Terror Trials Get Underway in Tashkent
The government of Uzbekistan is conducting a massive crackdown to conceal the truth about the killing of hundreds of civilian demonstrators in Andijan in May, Human Rights Watch said in a report released today.
The 73-page report provides numerous first-hand testimonies of a brutal police campaign forcing people to "confess" that they belong to extremist religious organizations, that the protests in Andijan were violent, and that the protesters were armed.
In Tashkent today, trials are beginning of people charged with instigating the demonstrations in Andijan. The prosecution is expected to blame "terrorists" with an Islamic agenda for the hundreds of deaths in the central square of Andijan on May 13. Amnesty International is also releasing a report on Uzbekistan today on the Andijan events. Both organizations are renewing their calls for an independent international investigation into the massacre.
"We've been following political repression in Uzbekistan for many years, but we've never seen anything as extensive as the crackdown post-Andijan," said Holly Cartner, Europe and Central Asia director of Human Rights Watch. "Instead of going after the perpetrators of the massacre, the Uzbek government is trying to deny responsibility and silence the witnesses."
The report, "Burying the Truth: Uzbekistan Rewrites the Story of the Andijan Massacre," details the unrelenting persecution of human rights defenders, independent journalists and political activists who tried to tell the truth about what happened on May 13. At least 11 activists have been imprisoned, at least 15 have been forced to flee the country into exile, and many other civil society activists have been forced to abandon their work.
Human Rights Watch urged the European Union to suspend its Partnership and Cooperation Agreement (PCA) with Uzbekistan. The EU General Affairs and External Relations Council will meet on October 3, when it is expected to make a decision.
"The European Union can no longer conduct business as usual with Tashkent," Cartner said. "Uzbekistan has flagrantly violated the terms of the PCA and there must be clear consequences to this defiance."
In June, Human Rights Watch released a report documenting Uzbek government forces' responsibility for most of the deaths and injuries on May 13. Based on eye-witness accounts, the report demonstrated that government forces fired indiscriminately on mostly unarmed protestors who had gathered in Andijan's main square and that they continued to shoot at those who tried to flee. Estimated hundreds were killed.
The government subsequently launched an investigation into the prison break, seizure of government buildings, and hostage takings that preceded the massive peaceful demonstration on May 13. But to date it has taken no steps to investigate or hold accountable those responsible for the massacre that ensued.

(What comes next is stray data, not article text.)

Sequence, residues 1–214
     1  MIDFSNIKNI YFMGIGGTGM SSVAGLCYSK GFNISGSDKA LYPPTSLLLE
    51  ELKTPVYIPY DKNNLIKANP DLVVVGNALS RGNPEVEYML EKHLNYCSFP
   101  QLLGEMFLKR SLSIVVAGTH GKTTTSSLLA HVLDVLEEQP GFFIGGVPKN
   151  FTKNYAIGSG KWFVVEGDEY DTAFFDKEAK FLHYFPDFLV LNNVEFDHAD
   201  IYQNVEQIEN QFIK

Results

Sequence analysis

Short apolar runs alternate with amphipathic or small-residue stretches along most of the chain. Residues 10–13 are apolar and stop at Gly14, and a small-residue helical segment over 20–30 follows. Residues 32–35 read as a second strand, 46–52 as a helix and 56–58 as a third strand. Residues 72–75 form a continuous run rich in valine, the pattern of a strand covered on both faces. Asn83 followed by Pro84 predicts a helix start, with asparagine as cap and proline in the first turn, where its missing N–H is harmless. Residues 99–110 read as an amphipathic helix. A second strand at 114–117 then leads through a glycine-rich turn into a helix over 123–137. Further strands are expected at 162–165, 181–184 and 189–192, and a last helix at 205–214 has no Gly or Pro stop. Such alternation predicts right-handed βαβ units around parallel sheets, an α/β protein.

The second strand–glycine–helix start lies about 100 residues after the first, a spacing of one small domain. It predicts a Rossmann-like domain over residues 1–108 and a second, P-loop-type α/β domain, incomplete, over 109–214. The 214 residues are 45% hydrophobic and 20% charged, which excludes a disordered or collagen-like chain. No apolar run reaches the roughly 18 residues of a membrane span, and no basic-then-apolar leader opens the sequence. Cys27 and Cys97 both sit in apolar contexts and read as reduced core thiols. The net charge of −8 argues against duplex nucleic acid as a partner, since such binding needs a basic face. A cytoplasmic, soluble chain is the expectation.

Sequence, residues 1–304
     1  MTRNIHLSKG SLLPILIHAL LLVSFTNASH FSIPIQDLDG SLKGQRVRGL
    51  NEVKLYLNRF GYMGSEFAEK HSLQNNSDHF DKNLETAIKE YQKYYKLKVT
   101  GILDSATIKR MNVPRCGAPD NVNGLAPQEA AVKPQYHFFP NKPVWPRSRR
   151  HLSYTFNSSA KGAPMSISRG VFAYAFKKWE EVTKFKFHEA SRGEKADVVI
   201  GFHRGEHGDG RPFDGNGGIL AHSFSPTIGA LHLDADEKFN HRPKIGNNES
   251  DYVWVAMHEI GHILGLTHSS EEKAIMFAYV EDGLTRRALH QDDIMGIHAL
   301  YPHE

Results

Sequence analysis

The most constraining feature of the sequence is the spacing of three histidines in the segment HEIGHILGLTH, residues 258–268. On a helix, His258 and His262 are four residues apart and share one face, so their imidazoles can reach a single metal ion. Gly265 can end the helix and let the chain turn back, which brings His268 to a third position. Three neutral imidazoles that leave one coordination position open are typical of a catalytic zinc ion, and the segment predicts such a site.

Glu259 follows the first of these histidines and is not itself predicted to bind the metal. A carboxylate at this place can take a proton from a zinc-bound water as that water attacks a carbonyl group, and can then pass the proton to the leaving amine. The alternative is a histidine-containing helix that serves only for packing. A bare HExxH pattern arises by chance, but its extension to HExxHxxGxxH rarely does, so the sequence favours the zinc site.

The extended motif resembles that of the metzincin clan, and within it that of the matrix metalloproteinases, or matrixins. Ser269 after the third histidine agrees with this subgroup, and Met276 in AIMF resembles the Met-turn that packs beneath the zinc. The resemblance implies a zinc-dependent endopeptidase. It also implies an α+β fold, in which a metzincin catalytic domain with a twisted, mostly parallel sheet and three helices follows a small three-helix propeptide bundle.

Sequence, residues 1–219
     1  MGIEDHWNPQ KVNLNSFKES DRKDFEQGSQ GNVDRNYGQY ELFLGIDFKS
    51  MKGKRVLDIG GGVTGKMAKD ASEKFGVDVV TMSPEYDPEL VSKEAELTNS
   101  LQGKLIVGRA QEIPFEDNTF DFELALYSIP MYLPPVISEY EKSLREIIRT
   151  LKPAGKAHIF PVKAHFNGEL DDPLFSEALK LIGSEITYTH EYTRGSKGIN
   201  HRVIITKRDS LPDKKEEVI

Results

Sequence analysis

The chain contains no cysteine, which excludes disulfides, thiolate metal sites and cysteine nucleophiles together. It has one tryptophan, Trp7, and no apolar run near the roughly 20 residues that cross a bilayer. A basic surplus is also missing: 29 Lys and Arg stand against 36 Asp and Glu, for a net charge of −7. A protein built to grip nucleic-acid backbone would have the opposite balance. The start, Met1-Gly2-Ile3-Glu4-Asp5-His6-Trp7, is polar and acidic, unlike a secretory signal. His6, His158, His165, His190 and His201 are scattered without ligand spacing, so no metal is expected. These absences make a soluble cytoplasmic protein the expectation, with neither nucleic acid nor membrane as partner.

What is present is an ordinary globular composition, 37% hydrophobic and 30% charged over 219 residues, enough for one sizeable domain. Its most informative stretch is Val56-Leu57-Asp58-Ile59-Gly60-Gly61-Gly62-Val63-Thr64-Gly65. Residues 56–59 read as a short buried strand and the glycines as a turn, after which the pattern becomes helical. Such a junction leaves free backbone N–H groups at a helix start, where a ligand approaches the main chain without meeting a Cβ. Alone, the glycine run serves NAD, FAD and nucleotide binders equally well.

Beginning in June, police detained and questioned hundreds—and perhaps thousands—of people with any connection to the May 13 events: protesters, their relatives, relatives of those who fled to Kyrgyzstan, people who lived in the vicinity of the main square, and the like. The hunt to silence witnesses even went across the border. The Uzbek government tried to force more than 400 survivors of the massacre to return from Kyrgyzstan, where they had fled after the violence, back to Andijan.
In the weeks following the massacre, government officials aggressively pursued human rights defenders, independent journalists and political activists. These individuals have been arrested on spurious charges, detained, beaten, threatened, put under surveillance or under de facto house arrest, and have been set upon by mobs and humiliated through Soviet-style public denunciations.
Among the catalogue of cases documented in the Human Rights Watch report is that of Saidjahon Zainabitdinov, an Andijan rights defender arrested on May 21. In the days following the massacre, Zainabitdinov had spoken out about the events, including to foreign journalists. He has been charged with criminal offenses including terrorism and giving false accounts of the May 13 events, and has been missing in custody for more than six weeks. Human Rights Watch expressed deep concern for Zainabitdinov's well-being, and called for his immediate release.
Human Rights Watch called on the Uzbek government to ensure open and fair proceedings for the trials scheduled to start today. International monitors were expected to attend the hearings, in which the defendants are believed to face serious charges, including terrorism, that carry the death penalty.
Human Rights Watch also called on the European Union and the United States to impose an arms embargo on Uzbekistan as well as a visa ban on senior Uzbek government officials.